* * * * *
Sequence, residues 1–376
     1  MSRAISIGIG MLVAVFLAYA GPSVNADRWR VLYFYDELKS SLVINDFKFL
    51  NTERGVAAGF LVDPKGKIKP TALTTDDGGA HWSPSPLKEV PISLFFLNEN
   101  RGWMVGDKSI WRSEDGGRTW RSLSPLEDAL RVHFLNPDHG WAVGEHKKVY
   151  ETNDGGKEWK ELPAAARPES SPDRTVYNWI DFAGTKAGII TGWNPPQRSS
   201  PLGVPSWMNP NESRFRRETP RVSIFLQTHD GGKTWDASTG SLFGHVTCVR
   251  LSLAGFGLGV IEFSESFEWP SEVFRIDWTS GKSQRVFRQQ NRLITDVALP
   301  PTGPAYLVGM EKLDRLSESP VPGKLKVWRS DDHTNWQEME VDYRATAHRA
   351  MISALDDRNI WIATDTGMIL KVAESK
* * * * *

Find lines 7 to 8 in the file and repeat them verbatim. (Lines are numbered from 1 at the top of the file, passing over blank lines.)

   251  LSLAGFGLGV IEFSESFEWP SEVFRIDWTS GKSQRVFRQQ NRLITDVALP
   301  PTGPAYLVGM EKLDRLSESP VPGKLKVWRS DDHTNWQEME VDYRATAHRA